But, because we do get asked, and because it really does help to have the beginnings of an answer, I would like to offer you some words from Earl Morse Wilbur himself. They attempt some small summary of Unitarianism, and I would say they apply equally well to Unitarian Universalism. I have left his particular religious metaphors and non-inclusive language fully intact: those complexities are yours to practice holding, and to wrestle with at your leisure. These are Earl’s words:

“Freedom, reason and tolerance then are not the final goals to be aimed at in religion, but only conditions under which the true ends may best be attained. The ultimate ends proper to a religious movement are two, personal and social; the elevation of personal character, and the perfecting of the social organism, and the success of a religious body may best be judged by the degree to which it attains these ends. Only if the Unitarian movement, true to its principles of freedom, reason, and tolerance, goes on through them and finds its fulfillment in helping men to live worthily as children of God, and to make their institutions worthy of the Kingdom of Heaven, will its mission be accomplished.”[3]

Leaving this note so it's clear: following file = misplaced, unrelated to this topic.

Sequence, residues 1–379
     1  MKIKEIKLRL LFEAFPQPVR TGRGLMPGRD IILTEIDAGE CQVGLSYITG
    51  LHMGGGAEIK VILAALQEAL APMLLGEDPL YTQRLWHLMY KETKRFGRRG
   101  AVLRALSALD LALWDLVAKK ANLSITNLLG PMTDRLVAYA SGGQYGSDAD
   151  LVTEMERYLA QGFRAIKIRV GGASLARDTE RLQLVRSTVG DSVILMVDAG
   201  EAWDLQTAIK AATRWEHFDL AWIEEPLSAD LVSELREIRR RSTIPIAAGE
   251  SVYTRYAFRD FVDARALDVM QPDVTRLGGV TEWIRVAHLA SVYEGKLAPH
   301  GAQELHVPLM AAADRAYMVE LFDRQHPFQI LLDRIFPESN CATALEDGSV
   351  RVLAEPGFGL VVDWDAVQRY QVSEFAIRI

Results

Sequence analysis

Maybe that needs a little explanation. What I believe Wilbur is saying is that to live in a way that is worthy of our highest ideals and our greatest capacities as human beings is not something that we can do by taking the easy way through. Such a life requires us to confront the complexities of our age and face the hard truths. In our own time, as the gap between rich and poor is growing, as we become more and more divided and polarized as a nation, and as the Earth itself, seems almost to be trying to throw us off, as a wild horse bucking an unwelcome rider; in this context, the calling of our faith continues. It is ours to use our freedom and our reason, and our own great potential for love to make ourselves and the institutions of which we are apart, worthy to live in a world of justice and peace. No one grand gesture can accomplish this, and there is no simple solution to the wounds of the world, but by working together, challenging each other, and holding ourselves accountable to each other and to our grand ideals, we may yet fulfill the great promise of our faith.


[3] Earl Morse Wilbur, A History of Unitarianism